The Institute for Community Health was the evaluator for a demonstration project at a Massachusetts community health center that aimed to increase testing and treatment for latent tuberculosis infection (LTBI) among high-risk community members. Our evaluation monitored patient progression through the LTBI cascade of care, from testing through treatment completion. One goal for the evaluation was to extract successful practices and lessons learned; to accomplish this, we supplemented the cascade of care data with information from semi-structured and highly-structured interviews, ethnographic observation, time-tracking studies, and facilitated discussions. We used an appreciative inquiry approach throughout to engage clinical stakeholders in the evaluation. The mixed methods and appreciative inquiry techniques improved our understanding of the successes and challenges at each stage of the cascade of care and to identify practices that other institutions might use or adapt to address LTBI in their settings.


Presentation 2 Other Authors: Dube, Blessing
Abstract 3 Title: Unveiling and Reconnecting the missing link in contact investigation in the implementation of Active Case Finding of Tuberculosis
Presentation Abstract 3:

Tuberculosis is a major public problem in most of the African countries and its case detection remains a major challenge for TB control in Kenya and Africa as a whole. Nearly 40% of infectious TB cases remain undetected leading to continuing transmission, individual suffering and death. In 2016, the Kenyan government adopted the new strategy – Active Case Finding (ACF) of Tuberculosis. Though the strategy has brought some success most counties have not met their yearly set. This paper seeks to unveil and reconnect the missing links in the contact investigation, the core and major approach in ACF strategy which is heavily relied upon in finding the missing cases of TB in the community. It will also share as evidence of the new approach’s success the numbers before the start of incorporating the idea in the Active Case Finding implementation in selected health facilities and after.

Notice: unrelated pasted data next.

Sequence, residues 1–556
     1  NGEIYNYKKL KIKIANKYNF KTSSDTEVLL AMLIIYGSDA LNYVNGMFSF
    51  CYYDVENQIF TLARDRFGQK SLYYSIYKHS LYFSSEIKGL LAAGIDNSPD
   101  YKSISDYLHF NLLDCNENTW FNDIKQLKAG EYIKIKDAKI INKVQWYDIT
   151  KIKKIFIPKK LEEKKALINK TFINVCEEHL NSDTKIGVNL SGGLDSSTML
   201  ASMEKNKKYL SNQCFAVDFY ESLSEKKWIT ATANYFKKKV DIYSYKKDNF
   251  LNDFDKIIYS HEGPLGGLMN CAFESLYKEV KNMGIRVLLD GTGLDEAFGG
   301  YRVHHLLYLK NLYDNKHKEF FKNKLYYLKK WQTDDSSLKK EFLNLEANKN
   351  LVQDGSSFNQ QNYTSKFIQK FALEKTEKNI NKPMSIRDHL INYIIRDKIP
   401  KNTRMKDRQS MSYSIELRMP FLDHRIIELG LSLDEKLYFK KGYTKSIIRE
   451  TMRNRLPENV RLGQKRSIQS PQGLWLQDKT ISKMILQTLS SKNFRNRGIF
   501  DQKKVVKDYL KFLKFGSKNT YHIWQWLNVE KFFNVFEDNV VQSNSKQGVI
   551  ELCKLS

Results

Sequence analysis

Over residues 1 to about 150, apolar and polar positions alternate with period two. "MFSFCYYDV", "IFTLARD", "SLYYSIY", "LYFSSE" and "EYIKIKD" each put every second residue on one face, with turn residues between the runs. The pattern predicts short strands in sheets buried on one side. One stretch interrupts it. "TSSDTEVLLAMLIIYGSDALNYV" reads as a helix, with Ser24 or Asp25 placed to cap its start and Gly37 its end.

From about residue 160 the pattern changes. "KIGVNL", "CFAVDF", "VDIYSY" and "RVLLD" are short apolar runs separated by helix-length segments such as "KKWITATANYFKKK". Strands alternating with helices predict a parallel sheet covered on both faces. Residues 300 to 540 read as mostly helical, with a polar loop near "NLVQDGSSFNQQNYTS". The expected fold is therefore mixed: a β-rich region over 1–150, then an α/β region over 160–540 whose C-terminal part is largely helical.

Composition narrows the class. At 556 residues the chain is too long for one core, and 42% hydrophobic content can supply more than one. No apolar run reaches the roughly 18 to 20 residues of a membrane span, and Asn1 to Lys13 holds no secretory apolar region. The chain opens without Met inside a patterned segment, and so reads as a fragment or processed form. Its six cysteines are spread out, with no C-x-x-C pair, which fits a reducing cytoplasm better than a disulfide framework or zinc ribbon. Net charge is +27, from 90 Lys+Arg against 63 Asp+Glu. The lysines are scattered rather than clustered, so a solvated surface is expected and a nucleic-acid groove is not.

Abstract 4 Title: Partnering with hospital emergency departments to test the feasibility of a newly developed clinical protocol to address elder mistreatment
Presentation Abstract 4:

Feasibility studies provide critical information on whether a particular program, policy or practice is likely to work in real-world settings and whether the program is appropriate for further testing. To facilitate the dissemination of a clinical protocol to improve screening, referral, and linkage to coordinated care and support services for older adults who are at risk of mistreatment, we are working with seven hospital emergency departments (ED) to assess protocol feasibility and preliminary efficacy. The evaluation provides vital information on whether ED professionals are able to engage patients and deliver aspects of the protocol that “fit” the contexts and needs of those in their service areas. In this presentation, we will describe our feasibility measures and mixed methods employed; and how we involved ED staff in the evaluation process, used interim data to inform iterative quality protocol and methodological improvements, and assisted sites with implementation. 


Presentation 4 Other Authors: John A. Hartford Foundation's National Collaboratory to Address Elder Mistreatment
Audience Level: All Audiences

Session Abstract (150 words): 

Fidelity to implementation and successes in delivery, lessons from heart disease, TB and emergency departments